How Do We Know All This?
We don’t know it all; studies vary. However:
Bee’s color sense was partially demonstrated by Karl von Frisch. In 1915, he showed that bees could discern green, yellow, orange, blue, violet, and purple. He did this by using colored cards and bee feed. He imprinted the bees with the idea that feed could be found on a blue card, but not the other colors. When he removed the feed, the bees still went to the blue card. He then tried this with green, yellow, orange, violet, purple and red. The only color it did NOT work with was red.
In 1927, Professor A. Kuhn took the study of honeybees’ color sense further. He tested bees using the visible spectrum for humans, but also used longer and shorter wavelengths : the ultraviolet and infrared. The infrared was black to the bees, but ultraviolet was a color.
You CAN Try This At Home
A very nice PowerPoint presentation at this Link from the University of Nebraska, will walk you though an experiment on which colors in our visible spectrum honeybees can see. Sorry, there’s no test for ultraviolet.
Back To Painting Bee Gear
As you can see over time I have used purple (ok blue to them, but I like purple), yellow, orange, blue and green. It turns out this is helpful to the bees as it distinguishes their hive from the others in the yard. I did it because I thought the bee yards looked prettier with all the colors and red has never been a particular favorite of mine.
My most current bee hive top color choices of mariposa lily orange and forest green (the husband says it’s British Racing Green) came from long, diligent thought (kind of). The green was in the hayloft, left over painting trim on my house. The orange was last year’s color, and I had a bit left. That paint ran out before I was done with the tops and the Stockton’s Paints, my favorite paint store is an hours drive away (one way).
That’s my one tip on painting: if you are going to take the time to paint your bee gear, use good quality paint. Primer and two coats of color, just like a house. I’ve bee gear that I painted over a decade ago and it is still just fine, even in our 8 month rains.
That’s the news from Brookfield Farm Bees And Honey in Maple Falls, Washington. It’s still bright and sunny, so I’m back to painting bee boxes…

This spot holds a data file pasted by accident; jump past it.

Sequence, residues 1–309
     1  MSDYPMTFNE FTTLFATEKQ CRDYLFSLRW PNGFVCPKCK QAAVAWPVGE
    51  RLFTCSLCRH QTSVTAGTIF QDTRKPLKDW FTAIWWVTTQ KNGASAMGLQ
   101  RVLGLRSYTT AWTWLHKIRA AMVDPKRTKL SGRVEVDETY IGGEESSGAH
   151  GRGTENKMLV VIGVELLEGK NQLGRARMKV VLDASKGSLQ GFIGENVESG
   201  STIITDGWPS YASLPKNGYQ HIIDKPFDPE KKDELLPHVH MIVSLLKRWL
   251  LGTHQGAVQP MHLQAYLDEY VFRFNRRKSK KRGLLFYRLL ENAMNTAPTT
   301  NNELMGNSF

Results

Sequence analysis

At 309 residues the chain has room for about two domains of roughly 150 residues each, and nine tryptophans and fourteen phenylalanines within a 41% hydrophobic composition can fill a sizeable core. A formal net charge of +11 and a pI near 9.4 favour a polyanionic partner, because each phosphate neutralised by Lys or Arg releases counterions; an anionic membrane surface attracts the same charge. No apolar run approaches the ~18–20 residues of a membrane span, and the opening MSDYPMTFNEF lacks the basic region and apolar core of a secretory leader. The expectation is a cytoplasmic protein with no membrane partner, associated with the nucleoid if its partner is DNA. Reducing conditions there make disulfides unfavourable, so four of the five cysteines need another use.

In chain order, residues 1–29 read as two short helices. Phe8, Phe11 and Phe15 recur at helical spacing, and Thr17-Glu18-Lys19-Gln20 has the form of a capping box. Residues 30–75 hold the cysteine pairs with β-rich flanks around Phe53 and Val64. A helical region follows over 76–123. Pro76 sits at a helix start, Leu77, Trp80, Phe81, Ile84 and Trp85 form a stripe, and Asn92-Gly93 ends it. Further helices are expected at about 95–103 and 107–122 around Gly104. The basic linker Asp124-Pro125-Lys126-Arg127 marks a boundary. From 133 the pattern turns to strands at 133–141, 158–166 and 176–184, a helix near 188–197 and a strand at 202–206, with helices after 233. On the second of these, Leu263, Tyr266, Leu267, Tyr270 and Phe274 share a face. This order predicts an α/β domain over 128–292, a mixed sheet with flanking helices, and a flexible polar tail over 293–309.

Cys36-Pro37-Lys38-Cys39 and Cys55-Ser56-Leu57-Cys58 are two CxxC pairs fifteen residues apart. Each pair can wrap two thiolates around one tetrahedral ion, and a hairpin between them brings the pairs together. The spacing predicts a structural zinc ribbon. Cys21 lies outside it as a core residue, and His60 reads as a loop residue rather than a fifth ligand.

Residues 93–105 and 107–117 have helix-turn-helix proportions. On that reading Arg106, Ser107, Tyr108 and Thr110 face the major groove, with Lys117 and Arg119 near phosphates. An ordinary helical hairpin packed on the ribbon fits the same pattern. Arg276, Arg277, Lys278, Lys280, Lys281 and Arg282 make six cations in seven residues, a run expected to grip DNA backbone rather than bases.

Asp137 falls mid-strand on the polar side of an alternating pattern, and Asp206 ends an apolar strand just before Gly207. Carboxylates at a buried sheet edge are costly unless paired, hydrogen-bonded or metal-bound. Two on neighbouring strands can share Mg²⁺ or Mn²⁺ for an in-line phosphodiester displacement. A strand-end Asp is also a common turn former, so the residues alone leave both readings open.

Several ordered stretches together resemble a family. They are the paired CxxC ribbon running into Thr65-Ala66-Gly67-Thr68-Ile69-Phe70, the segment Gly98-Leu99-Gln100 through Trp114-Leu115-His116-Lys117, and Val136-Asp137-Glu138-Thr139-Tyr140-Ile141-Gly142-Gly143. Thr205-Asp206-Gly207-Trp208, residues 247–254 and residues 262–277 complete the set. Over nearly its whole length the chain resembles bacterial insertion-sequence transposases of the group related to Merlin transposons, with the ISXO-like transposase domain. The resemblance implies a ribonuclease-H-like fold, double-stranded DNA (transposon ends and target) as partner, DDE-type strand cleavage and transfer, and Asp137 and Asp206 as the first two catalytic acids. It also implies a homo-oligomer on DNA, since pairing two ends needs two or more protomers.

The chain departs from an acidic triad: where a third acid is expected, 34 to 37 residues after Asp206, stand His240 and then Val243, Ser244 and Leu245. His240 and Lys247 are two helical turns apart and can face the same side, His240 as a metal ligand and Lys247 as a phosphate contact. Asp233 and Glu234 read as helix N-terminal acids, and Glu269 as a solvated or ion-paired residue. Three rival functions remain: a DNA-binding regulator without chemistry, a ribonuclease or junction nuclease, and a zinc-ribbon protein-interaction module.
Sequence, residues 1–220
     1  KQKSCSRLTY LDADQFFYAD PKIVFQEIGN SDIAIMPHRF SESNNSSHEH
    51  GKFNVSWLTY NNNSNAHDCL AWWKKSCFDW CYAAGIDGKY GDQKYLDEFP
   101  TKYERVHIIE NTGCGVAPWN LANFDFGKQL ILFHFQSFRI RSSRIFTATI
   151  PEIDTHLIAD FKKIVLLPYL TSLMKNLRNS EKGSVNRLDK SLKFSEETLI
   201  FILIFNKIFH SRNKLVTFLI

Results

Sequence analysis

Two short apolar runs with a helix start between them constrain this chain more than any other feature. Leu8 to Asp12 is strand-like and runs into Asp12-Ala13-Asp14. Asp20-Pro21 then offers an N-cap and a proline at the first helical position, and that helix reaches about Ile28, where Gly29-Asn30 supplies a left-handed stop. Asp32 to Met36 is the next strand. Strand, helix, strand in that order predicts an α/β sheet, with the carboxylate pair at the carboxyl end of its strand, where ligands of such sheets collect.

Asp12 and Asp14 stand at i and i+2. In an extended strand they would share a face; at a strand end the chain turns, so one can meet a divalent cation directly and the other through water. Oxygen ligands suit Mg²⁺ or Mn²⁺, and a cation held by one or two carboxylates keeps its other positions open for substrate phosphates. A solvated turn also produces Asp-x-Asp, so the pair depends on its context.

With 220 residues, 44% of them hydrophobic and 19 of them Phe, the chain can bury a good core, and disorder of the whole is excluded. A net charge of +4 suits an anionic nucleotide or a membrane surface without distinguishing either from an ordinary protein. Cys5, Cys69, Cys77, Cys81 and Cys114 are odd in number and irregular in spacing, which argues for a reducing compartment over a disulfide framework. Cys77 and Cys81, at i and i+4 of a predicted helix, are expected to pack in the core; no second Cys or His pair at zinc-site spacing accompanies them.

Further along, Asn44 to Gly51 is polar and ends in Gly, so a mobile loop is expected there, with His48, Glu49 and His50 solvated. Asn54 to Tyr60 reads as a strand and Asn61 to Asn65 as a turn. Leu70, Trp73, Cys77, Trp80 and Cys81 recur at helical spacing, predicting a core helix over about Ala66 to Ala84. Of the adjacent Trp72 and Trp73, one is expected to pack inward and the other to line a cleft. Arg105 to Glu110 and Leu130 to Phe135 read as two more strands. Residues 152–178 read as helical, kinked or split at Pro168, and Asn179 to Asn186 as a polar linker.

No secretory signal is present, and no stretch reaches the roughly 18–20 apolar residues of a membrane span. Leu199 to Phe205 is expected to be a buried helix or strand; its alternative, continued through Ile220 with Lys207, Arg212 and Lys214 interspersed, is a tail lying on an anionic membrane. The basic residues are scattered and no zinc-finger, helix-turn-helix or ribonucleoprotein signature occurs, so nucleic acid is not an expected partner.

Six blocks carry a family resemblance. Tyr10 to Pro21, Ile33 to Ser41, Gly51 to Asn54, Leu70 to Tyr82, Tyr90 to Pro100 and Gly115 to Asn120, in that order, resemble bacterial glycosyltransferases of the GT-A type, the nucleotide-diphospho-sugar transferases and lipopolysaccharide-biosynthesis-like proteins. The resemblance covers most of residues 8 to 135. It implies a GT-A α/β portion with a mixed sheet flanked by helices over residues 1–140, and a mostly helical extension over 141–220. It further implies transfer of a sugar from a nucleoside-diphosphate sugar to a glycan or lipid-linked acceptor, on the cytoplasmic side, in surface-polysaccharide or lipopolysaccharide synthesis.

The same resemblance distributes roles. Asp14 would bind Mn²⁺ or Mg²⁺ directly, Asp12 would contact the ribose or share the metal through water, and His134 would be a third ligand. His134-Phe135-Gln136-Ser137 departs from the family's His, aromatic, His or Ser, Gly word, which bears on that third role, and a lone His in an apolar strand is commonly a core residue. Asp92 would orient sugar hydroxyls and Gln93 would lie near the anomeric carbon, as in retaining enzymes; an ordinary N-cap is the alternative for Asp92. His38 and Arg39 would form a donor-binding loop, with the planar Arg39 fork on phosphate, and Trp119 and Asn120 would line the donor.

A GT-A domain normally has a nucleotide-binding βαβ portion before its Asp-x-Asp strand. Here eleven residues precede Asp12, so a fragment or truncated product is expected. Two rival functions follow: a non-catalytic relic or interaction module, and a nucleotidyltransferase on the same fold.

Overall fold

What colors have you chosen for your hives? Why did you make those choices? I think the colors in a bee yard are one of the fun parts of beekeeping.
It’s spring colony splitting time and one thing we should keep in mind as we delve into the congested and complex hive is having the correct balance of bees of various ages within the hive or split. An upset in the balance of bees’ ages upsets the proper functioning of the colony. Ex.: who’s going to clean the cells and feed the young larva if the colony goes queenless for an extended period and all of the bees have passed that stage in their adult development? Reversible? I wonder to what degree, and about the quality of work that can be expected from a bee that has passed it’s normal period for the work expected.
I’ve read below and elsewhere that there is some flexibility in the bees’ ability to move forward or backward in their age defined activities. However, the quality of the work suffers based on the bees’ physiologically ability to perform a particular task.
When making splits during the spring buildup there isn’t any difficulty finding brood of various ages so as to provide a split with a diverse population. Done well, a split hardly misses a beat and continues to grow and build effortlessly, while poorly configured splits struggle to get going and sometimes fail.
A simple diagram showing the life history of the honey bee worker.
The schedule of worker bee activities is both flexible and reversible, depending more upon physiological age than on chronological age, and is altered according to the needs of the colony. Diagram Source: Sipa Honey Bees
The science and politics of saving America’s bees gets messy. And the bees continue to die.